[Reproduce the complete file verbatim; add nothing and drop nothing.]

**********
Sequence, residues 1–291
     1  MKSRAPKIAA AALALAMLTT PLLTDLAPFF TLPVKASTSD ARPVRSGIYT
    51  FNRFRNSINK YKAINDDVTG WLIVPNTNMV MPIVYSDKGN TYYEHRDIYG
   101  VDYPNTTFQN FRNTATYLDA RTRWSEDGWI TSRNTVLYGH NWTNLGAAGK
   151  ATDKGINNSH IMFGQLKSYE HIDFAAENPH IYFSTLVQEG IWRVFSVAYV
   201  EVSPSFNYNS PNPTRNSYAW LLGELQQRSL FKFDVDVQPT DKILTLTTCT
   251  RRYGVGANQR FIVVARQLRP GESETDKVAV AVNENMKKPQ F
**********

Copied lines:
Sequence, residues 1–291
     1  MKSRAPKIAA AALALAMLTT PLLTDLAPFF TLPVKASTSD ARPVRSGIYT
    51  FNRFRNSINK YKAINDDVTG WLIVPNTNMV MPIVYSDKGN TYYEHRDIYG
   101  VDYPNTTFQN FRNTATYLDA RTRWSEDGWI TSRNTVLYGH NWTNLGAAGK
   151  ATDKGINNSH IMFGQLKSYE HIDFAAENPH IYFSTLVQEG IWRVFSVAYV
   201  EVSPSFNYNS PNPTRNSYAW LLGELQQRSL FKFDVDVQPT DKILTLTTCT
   251  RRYGVGANQR FIVVARQLRP GESETDKVAV AVNENMKKPQ F